who determined higher sensitivity of protein concentration in albumen through Lowry method.
The Bradford assay showed the highest values of proteins (1.125 mg·ml-1 for albumen and 1.369
mg·ml-1 for egg yolk). But this assay is not without errors, it is sensitive to interference by many other
compounds (basic conditions and detergents-SDS). However, there are detergent-compatible Bradford
reagents. The Bradford assay depends on the sequence of the protein. If the protein doesn’t contain a
decent number of arginine and/or aromatic residues, then the dye will not bind to the protein as
efficiently, resulting in an underestimation of the protein concentration. Our observation agrees with study
of Lu et al. (2010), who studied differences between Bradford and Lowry techniques and they observed
significant variations in protein concentrations following assessment with the Lowry versus Bradford
methods, using identical egg samples.
Quantitation of total protein content is a measurement common to many applications in basic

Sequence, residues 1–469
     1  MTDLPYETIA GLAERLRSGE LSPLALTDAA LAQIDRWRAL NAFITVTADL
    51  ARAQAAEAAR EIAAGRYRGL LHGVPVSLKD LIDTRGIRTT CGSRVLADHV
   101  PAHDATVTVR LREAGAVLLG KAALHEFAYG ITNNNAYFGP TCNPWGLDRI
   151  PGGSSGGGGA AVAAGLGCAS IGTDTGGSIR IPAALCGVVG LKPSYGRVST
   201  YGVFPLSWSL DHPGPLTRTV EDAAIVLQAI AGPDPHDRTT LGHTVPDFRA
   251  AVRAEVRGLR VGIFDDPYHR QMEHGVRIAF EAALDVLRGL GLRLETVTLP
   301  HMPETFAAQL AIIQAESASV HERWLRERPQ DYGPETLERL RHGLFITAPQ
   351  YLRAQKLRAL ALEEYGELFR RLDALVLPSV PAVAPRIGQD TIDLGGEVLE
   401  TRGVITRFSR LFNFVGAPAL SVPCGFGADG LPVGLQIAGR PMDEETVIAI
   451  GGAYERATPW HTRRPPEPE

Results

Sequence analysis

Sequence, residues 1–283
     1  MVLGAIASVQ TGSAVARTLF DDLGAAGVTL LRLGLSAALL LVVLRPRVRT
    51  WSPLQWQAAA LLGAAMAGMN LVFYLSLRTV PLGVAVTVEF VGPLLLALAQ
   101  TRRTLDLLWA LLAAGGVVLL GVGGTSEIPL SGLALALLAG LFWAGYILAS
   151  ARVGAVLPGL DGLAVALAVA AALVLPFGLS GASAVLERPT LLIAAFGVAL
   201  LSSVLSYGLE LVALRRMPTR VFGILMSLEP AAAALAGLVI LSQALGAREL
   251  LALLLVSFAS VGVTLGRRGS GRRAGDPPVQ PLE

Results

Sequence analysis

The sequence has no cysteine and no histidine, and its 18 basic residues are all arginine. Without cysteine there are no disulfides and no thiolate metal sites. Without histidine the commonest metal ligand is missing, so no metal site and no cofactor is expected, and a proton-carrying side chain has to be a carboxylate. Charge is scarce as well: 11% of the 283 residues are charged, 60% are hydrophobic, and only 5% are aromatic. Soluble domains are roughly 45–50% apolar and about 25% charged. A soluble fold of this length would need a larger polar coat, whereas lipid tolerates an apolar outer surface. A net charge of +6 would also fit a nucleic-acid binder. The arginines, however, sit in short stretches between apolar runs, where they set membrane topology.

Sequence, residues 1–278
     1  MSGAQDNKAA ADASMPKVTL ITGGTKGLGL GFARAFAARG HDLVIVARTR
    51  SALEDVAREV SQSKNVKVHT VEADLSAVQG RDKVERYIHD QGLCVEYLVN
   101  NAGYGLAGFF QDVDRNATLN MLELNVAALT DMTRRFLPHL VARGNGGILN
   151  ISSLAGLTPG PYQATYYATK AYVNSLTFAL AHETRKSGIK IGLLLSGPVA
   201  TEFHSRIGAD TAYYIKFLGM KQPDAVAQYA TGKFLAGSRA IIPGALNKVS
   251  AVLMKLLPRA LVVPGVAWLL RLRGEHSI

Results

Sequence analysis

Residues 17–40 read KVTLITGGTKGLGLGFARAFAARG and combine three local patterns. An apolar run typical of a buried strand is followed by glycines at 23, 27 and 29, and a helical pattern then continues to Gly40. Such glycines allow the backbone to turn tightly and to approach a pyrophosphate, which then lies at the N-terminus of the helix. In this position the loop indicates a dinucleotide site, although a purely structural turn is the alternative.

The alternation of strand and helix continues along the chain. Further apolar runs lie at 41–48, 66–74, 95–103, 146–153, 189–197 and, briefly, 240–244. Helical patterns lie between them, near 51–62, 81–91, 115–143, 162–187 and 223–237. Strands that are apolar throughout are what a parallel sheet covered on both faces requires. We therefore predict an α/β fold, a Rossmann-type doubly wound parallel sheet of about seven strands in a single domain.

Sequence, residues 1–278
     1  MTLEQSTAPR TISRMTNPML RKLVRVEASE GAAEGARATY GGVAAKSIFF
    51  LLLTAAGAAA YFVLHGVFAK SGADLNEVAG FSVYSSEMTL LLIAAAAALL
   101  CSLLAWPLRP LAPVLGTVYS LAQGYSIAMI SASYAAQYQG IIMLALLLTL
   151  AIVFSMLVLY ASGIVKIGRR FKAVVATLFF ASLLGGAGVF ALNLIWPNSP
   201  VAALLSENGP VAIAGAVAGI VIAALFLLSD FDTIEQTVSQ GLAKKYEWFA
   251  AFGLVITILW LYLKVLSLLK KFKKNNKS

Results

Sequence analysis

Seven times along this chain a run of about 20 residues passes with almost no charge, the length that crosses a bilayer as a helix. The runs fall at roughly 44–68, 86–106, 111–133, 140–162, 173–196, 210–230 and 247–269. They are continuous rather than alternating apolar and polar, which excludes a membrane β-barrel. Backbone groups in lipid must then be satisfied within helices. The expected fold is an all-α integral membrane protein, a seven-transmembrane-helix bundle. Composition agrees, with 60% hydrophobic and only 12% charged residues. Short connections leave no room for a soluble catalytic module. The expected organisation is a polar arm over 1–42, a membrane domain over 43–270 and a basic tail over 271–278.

science research and routine clinical laboratory practice. Most biochemical studies that involve the
measurement of a biological activity require the normalization of that activity to the protein content.
Given the importance of protein assay, it is significant to choose the appropriate technique from the
available methods. Figure 2 Comparison of Biuret, Lowry and Bradford methods
Legend: M I – Biuret method, M II – Lowry method, M III – Bradford method
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CONCLUSION
As the conclusion, the Lowry technique seems to be the best method in determining the protein
concentration of hen egg, because Biuret assay is not much sensitive and Bradford can be inhibited by the
presence of many compounds.
ACKNOWLEDGEMENT This research was supported by project TP 6/2015 “Impact loading of
agricultural products and foodstuffs” financed by Internal Grand Agency FA MENDELU.